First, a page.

Where is the OECD going?

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I continue to be intrigued at the reaction to my blog on the OECD conference scheduled for 1-2 September that I posted yesterday. This reaction reached the Wall Street Journal this morning, a heavily reduced version of what they said being:

The Organization for Economic Cooperation and Development is proposing to greatly strengthen an informal tax-information body as a way to crack down on tax cheating internationally

At a Sept. 1 session in Los Cabos, Mexico, the OECD will press to turn the Global Forum on tax-information sharing, a loose grouping of 84 nations, into a formal international institution with a permanent staff of examiners.

"We hope to put in place a restructured Global Forum," said Pascal Saint-Amans, who heads the OECD's international tax-cooperation division. The forum would use "a peer-review process to put peer pressure [on countries] to increase transparency and [promote] the full exchange of information for tax purposes," he said.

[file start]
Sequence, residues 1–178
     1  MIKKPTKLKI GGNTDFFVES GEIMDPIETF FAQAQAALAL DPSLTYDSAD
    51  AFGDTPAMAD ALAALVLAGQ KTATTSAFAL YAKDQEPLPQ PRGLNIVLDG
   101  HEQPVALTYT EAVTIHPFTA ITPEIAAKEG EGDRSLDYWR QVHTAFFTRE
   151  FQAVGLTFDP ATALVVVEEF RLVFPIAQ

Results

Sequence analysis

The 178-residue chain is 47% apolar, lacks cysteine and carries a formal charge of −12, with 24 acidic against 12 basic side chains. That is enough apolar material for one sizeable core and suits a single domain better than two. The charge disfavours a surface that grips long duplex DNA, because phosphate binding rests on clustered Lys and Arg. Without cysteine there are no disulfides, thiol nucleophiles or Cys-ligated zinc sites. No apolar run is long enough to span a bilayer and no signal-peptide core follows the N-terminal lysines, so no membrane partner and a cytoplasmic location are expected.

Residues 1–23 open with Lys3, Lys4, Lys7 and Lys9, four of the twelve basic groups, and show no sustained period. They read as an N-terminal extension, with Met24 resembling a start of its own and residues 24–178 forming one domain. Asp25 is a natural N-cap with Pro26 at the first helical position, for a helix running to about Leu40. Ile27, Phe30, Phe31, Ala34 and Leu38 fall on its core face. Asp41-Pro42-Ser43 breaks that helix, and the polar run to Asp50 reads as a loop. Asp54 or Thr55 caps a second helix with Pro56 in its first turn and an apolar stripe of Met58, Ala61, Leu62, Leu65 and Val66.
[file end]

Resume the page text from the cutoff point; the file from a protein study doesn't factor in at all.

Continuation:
Under the OECD plan, Global Forum examiners would review a country's compliance with its tax-information-sharing agreements and issue a report, which would be discussed in sessions with other forum members. The idea is to pressure recalcitrant governments to be more forthcoming.

The U.S. is lobbying for the measure, but it is far from clear that many developing nations, and especially tax havens, would back a more powerful role for the Global Forum.

"For the Global Forum to maintain a strong leadership role," the OECD draft said, "it is critical that jurisdictions which refuse to make progress toward full transparency and effective exchange of information would not be in a position to block the work." The OECD report suggests that such countries could be thrown out of the Global Forum. That could be a strong deterrent if the U.S. and countries in Europe reduce legal ties with such outliers.

Richard Murphy, director of Tax Research LLP, a consulting firm outside London, said a more muscular Global Forum could become "an embryonic world tax authority." But OECD officials said their goals are more modest, and the Global Forum wouldn't try to make tax rates consistent globally or take up other issues of tax reform.